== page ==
I suggest you use only stainless bearings and expect to get about 100 runs out of it. The early warning sign of wear will be a slight rocking of the prop when the engine is hot. Once that starts you have about 10 flights left. I use after run oil religiously. 
Steve Miller

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Installing a New Bearing

Never use a torch. 

I remove everything from the crankcase and put it in the oven at 350 for about 1/2 hour. Then, insert the front bearing by tapping lightly with a maple block being careful not to cock it. Next, insert the shaft with the bearing already pressed on and put on the prop driver and a sawed off wood prop. Tighten the prop nut pretty tight and check for freedom of rotation. If ok, I put back in the oven for another 1/2 hour to 'normalize' the case, shaft and bearings. This REALLY helps to get all the rotating parts exactly lined up like it wants to be. Take out and set rear down and let it cool on its own. Check for free rotation after cooling and that's the best it's gonna get! 

To fit bearing on the crank.... 

I use a couple of blocks of maple under the overhanging edges of the bearing so that the shaft counterweight is suspended off the drill press table, then I close the chuck of the drill press and press the tip of the threaded end of the shaft and the bearing comes right off. When I put the new bearing on the shaft I ensure that it's all the way on by putting the threaded end of the shaft through the drill press table center hole and us a length of music wire up the rear of the shaft or a maple block on the counterweight and press the bearing on. Or, if I am lazy, just tap the shaft into the bearing with a small hammer and maple block. I prefer to press it though. 

Dave Harmon 
Torrance, Ca. 


Having been a Millwright many years ago one of the first things you learn is to never pound a bearing into place. Always press, never pound. Pounding causes microscopic flat spots on the balls, which leads to early failure. For the size bearings we are dealing with the drill press is a good choice. Another is to make a sleeve to go over the crankshaft and use your vise to press it into place. Always press on the inner race, never on the outer race as pressing on the outer will also cause flat spots when the bearing hits home and you put that little extra force on it to make sure it is all the way on. We need to take every precaution we can to make sure our bearings last as no one likes to change them any sooner than necessary. Hope this helps.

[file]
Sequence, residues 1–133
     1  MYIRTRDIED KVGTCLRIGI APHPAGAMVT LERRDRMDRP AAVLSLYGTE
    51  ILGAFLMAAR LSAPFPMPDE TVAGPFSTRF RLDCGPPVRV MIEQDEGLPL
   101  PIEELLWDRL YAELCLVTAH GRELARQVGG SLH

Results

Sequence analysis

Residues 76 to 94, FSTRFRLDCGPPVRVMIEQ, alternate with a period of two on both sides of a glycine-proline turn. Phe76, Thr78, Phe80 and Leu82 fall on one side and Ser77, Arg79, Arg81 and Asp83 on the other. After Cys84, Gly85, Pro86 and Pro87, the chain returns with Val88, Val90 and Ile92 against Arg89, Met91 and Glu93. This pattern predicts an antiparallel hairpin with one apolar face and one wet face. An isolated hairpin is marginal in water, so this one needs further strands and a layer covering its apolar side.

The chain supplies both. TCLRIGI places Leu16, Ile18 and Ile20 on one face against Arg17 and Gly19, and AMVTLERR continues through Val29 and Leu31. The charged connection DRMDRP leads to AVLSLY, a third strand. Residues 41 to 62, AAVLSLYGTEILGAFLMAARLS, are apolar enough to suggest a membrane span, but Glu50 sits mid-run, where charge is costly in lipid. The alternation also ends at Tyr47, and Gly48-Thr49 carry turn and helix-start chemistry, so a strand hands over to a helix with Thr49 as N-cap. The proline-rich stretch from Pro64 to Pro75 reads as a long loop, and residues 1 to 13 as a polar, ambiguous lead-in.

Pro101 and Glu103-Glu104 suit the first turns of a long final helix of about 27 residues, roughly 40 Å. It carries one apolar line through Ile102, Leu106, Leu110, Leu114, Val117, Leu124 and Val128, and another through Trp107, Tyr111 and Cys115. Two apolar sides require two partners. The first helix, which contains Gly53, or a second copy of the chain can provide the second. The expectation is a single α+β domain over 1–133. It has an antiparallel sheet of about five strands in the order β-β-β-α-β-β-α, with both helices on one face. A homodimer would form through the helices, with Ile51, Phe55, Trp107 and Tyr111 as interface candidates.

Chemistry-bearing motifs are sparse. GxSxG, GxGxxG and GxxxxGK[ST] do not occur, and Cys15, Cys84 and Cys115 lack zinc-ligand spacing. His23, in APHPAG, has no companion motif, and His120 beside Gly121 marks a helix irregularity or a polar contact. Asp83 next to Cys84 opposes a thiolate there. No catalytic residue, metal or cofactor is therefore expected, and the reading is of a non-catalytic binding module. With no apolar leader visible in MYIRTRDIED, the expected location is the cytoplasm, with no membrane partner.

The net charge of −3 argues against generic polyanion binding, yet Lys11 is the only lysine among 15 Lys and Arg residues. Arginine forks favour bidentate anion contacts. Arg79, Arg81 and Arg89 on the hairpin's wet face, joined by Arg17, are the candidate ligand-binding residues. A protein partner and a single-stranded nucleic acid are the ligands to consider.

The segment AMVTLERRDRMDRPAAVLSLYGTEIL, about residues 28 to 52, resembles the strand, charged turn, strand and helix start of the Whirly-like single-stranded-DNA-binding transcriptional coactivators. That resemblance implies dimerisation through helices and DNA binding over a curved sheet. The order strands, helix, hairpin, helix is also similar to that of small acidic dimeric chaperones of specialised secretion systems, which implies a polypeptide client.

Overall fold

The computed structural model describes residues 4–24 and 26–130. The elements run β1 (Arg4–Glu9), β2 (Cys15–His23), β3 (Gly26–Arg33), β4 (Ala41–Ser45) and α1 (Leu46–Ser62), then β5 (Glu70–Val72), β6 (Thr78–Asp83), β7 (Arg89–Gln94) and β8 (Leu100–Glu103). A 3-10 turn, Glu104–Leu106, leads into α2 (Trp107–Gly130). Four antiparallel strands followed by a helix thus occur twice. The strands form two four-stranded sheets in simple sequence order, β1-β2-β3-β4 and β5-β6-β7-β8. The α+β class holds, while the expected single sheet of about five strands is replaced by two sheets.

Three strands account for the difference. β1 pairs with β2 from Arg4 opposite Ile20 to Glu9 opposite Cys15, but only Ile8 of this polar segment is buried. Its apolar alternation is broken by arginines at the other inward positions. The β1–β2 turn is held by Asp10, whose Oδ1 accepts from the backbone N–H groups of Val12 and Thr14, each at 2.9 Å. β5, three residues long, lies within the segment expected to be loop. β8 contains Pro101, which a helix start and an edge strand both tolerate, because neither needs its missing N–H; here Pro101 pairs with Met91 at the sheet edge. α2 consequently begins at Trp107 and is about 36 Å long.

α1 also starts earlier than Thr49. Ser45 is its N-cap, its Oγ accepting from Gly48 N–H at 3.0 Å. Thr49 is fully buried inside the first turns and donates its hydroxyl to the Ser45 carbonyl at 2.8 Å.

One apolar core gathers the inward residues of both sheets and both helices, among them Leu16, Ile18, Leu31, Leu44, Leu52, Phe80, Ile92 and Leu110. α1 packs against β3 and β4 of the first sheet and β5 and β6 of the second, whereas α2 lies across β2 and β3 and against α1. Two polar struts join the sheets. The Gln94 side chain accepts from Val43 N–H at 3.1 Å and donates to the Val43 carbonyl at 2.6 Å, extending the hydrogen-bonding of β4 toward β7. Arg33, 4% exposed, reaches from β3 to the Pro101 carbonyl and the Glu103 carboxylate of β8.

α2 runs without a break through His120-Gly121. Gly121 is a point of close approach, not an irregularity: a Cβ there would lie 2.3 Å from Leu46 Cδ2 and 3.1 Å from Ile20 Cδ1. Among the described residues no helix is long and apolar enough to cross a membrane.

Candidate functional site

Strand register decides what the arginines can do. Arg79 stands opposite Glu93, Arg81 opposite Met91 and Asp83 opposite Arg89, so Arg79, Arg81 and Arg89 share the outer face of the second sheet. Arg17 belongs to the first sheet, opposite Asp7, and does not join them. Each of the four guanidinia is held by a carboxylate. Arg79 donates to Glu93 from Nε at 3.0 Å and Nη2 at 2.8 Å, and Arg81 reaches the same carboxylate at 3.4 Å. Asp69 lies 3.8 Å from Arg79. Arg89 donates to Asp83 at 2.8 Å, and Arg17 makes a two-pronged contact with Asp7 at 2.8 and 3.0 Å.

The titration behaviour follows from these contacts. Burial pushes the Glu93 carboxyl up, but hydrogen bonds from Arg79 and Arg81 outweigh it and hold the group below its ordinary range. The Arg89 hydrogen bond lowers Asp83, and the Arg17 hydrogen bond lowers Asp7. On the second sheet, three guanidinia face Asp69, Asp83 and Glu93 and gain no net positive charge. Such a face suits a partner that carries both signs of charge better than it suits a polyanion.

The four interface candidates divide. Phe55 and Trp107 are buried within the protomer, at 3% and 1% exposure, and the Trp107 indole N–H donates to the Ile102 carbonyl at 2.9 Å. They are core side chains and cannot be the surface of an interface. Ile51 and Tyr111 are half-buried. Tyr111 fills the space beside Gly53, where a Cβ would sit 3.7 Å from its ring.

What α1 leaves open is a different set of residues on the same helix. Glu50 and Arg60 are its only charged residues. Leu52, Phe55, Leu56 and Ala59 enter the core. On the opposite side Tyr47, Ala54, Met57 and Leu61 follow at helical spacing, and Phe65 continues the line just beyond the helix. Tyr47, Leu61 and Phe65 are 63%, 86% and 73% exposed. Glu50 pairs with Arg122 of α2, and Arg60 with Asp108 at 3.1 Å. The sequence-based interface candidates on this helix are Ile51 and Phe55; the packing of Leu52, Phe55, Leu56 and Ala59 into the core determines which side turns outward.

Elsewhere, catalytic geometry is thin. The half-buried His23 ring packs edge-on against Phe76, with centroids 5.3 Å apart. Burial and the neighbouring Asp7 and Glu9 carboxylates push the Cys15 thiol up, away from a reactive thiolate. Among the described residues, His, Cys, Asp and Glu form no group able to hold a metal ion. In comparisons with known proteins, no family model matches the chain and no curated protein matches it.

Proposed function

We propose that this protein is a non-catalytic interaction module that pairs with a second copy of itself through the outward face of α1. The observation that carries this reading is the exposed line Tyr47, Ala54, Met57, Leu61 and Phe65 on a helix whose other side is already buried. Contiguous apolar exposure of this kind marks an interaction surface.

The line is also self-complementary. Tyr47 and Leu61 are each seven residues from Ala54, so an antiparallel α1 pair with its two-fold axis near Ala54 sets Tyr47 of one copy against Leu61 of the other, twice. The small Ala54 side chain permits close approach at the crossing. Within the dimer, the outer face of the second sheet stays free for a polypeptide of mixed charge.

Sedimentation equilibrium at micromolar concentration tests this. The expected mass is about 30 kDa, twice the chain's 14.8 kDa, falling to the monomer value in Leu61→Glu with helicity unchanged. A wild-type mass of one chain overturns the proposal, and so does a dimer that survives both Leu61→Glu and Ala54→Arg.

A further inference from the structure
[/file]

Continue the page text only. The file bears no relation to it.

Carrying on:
Dennis Cone

Before you go to much trouble looking for that "sleeve" to use for pressing, sort through your socket set! 

John Ferrell 

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Pressure for the 160 Tank:

For those searching for devices to make non-pumped motors work more reliably....Iron Bay Models has just the ticket.

I have used this "Iron Bay" regulator for a couple days, notwithstanding the bearing issue, and it has been foolproof. Pressurizes the tank like a YS regulator, too! WHen you pull the vent, you get that SHWOOOOSSSSSHHH of pressure....very comforting. It is ABSOLUTELY a "demand only" regulator, meaning that ONLY the vacumn from the carb causes fuel to flow. And I tested the snot out of that thing using an insulin syringe to simulate vacuum in VERY small draws. It provides pressure, just by bumping the prop back and forth, and has a check valve from the crankcase tap so it gets to max, and stays there. Needles ended up just like the manual for the engine says (for normal pipe/muffler pressure), so that tells me it's not providing TOO MUCH fuel (like the CLines that I tried did - everytime), no hydrolocking, no siphoning when off, even leaving the tank pressurized (I forgot between flight attempts, and it didn't seep a drop) I'm sold on it and will get another for my PW Extra that that I'm converting to an OS 1.60 also. Here's the link: 

It is FAR superior to my unsatisfactory experience with the Cline, and may just make the OS 1.60 really a serious option for folks. Time will tell.

Bob Pastorello, 
Oklahoma NSRCA 199, 
IMAC 1320, 
AMA 46373

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                                                           MIKE HARRISON’S O.S. 140RX  SETUP

  1. O.S. F plug
  2. Cool Power 20% Pro Blend
  3. 18 x 10pn APC
  4. ES 2 stroke carbon fiber pipe
  5. Mac’s header-full length
  6. Mintor 1.40 dual plug head (OS F plug in front hole, OS 8 in rear)
  7. 2 inch between header and pipe
  8. Set the idle slightly to the rich side
  9. Set hi needle strong but rich, do not “burn the exhaust”  it should be a light caramel color.
  10. I tapped the header close to the coupler and ran a fuel line to the tank to give positive tank pressure during high rpm
  11. Take off the carburetor and put a high temp silicon bead around the bottom portion where the o-ring seals the carb to the engine and seat.  I suspect potential for air leakage there.

The ES pipe to use is the standard 2 stroke pipe that is the same size as the OS pipe.  I would set this all up this way then experiment from there.  I found some of this by accident, trial and error, and input from others.  Give it a try and see what happens.  I don’t know which items are how critical but doing all of this works great.  It is simply the best running engine I have had bar none.